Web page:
Saturday, May 4, 2013

How many types of Ehlers-Danlos syndrome are there and why I feel so odd and alone among people I know.


Ehlers-Danlos syndrome is a group of disorders that affect connective tissues, which are tissues that support the skin, bones, blood vessels, and other organs. Defects in connective tissues cause the signs and symptoms of Ehlers-Danlos syndrome, which vary from mildly loose joints to life-threatening complications.

In the past, there were more than 10 recognized types of Ehlers-Danlos syndrome. In 1997, researchers proposed a simpler classification that reduced the number of major types to six and gave them descriptive names: the arthrochalasia type, the classic type, the dermatosparaxis type, the hypermobility type, the kyphoscoliosis type, and the vascular type. Other forms of the condition may exist, but they have been reported only in single families or are not well characterized.

Although all types of Ehlers-Danlos syndrome affect the joints and many also affect the skin, features vary by type. An unusually large range of joint movement (hypermobility) occurs with most forms of Ehlers-Danlos syndrome, particularly the hypermobility type. Infants with hypermobile joints often appear to have weak muscle tone, which can delay the development of motor skills such as sitting, standing, and walking. The loose joints are unstable and prone to dislocation, chronic pain, and early-onset arthritis. Dislocations involving both hips are a characteristic finding in infants with the arthrochalasia type of Ehlers-Danlos syndrome.

Many people with Ehlers-Danlos syndrome have soft, velvety skin that is highly elastic (stretchy) and fragile. Affected individuals tend to bruise easily, and some types of the condition also cause abnormal scarring. People with the classic form of Ehlers-Danlos syndrome experience wounds that split open with little bleeding and leave scars that widen over time to create characteristic shallow "cigarette paper" scars. The dermatosparaxis type of the disorder is characterized by skin that sags and wrinkles. Extra (redundant) folds of skin may be present as affected children get older.

Some forms of Ehlers-Danlos syndrome, notably the vascular and kyphoscoliosis types, can involve serious and potentially life-threatening complications. Blood vessels can tear (rupture) unpredictably, causing internal bleeding, stroke, and shock. The vascular type of Ehlers-Danlos syndrome is also associated with an increased risk of organ rupture, including tearing of the intestine and rupture of the uterus (womb) during pregnancy. People with the kyphoscoliosis form of Ehlers-Danlos syndrome experience severe, progressive curvature of the spine that can interfere with breathing.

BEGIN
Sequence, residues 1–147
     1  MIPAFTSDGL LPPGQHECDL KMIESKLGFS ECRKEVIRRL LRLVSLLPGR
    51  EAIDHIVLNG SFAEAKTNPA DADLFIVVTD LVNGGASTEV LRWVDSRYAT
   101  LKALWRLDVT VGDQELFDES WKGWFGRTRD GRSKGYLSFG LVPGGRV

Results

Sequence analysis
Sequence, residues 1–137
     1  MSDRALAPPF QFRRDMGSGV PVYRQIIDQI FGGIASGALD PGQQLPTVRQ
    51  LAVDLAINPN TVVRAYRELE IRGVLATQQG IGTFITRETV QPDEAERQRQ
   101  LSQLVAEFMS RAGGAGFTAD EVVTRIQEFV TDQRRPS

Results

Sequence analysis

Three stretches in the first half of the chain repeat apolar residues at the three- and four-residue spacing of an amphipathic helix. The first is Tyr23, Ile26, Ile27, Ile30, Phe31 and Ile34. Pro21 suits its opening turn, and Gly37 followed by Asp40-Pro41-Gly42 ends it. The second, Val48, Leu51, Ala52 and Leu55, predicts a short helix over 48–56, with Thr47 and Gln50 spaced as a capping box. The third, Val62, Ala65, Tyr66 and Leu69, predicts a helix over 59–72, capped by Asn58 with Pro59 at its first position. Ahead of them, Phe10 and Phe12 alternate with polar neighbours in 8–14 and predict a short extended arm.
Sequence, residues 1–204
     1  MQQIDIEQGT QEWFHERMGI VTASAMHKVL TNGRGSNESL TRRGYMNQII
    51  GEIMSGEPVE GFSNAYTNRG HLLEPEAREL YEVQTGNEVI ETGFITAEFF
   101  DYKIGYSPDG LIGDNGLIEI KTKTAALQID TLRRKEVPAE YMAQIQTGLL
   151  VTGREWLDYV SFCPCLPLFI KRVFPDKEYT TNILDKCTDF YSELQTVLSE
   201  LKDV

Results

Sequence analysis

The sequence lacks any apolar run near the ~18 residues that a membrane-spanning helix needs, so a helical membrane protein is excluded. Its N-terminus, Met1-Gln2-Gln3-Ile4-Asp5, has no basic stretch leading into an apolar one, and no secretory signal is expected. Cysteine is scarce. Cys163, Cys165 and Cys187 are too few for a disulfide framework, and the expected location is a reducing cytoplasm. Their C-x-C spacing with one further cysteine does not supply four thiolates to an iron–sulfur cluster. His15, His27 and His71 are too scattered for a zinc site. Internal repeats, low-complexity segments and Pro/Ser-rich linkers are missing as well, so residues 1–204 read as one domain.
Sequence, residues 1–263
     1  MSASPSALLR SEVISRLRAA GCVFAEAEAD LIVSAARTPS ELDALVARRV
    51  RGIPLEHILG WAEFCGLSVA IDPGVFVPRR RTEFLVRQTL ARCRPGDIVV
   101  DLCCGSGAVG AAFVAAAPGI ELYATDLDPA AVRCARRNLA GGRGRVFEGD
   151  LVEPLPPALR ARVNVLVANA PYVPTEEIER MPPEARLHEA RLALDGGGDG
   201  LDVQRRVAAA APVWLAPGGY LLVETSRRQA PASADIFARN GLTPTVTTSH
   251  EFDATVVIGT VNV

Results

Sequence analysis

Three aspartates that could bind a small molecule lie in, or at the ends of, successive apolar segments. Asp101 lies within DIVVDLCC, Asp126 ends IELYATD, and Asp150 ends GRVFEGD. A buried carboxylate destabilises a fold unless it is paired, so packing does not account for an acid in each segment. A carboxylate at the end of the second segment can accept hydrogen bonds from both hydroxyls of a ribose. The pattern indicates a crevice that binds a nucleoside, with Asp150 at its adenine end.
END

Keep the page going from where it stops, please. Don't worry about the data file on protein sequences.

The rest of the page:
I have Classical Type I Ehlers-Danlos. The classic type probably occurs in 1 in 20,000 to 40,000 people. This number made me wonder what that would look like so I thought about Cowboys Stadium in Dallas which holds around 80,000 people which means that on any given Sunday when the Cowboys are playing their myself and maybe one other person in the whole crowd would have the type of Ehlers-Danlos that I have. That put it in perspective for me just how rare this is and why most doctors are not familiar with it. My primary care doctor is in his 60s so he's been practicing for a long time and he told me that I'm the only patient that he's ever seen with Ehlers-Danlos. I can't imagine how many patients he's seen in his career which again puts it in perspective for me of how rare this is.


The lighting at the beginning of the video is not good at all but keep watching because it gets better.
This video shows a few of the basic things about Ehlers-Danlos Syndrome Classical Type I. This information is based on my own experience. One of the major complications I have with Ehlers-Danlos and another condition I have which is like a double whammy is concentration problems so please forgive my rambling and searching for the correct word in the video. Another problem with Ehlers-Danlos syndrome is chronic fatigue so please pardon the fact that I look like I'm half asleep.









This chart is shows some of the things that an EDS body can do that is out of the range of normal flexibility. 





2 comments:

  1. thank you for the information. I am 33 and I think I have this. my skin is relly soft and streachy and I have the nose and ears that are bendy. Also my fingers can touch my arm backwards. Have had symptoms since my youth and never knew what it was. my arthritis is now debilitating. hope to find a dr to diagnose me and help me manage the constant pain.

    Camilla

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  2. Camilla I am so glad that you found this info helpful. A great resource for more info on EDS is at http://www.prettyill.com/ If you have an orthopedic dr he/she should be able to help with diagnosing you. You may even want to print out the chart above, don't know if you can print it from here but google EDS images and you will find it or one similar, and take it to your PC and let he/she help you find a dr. to see.

    I hope you get the help you need!!!
    Gentle hugs!

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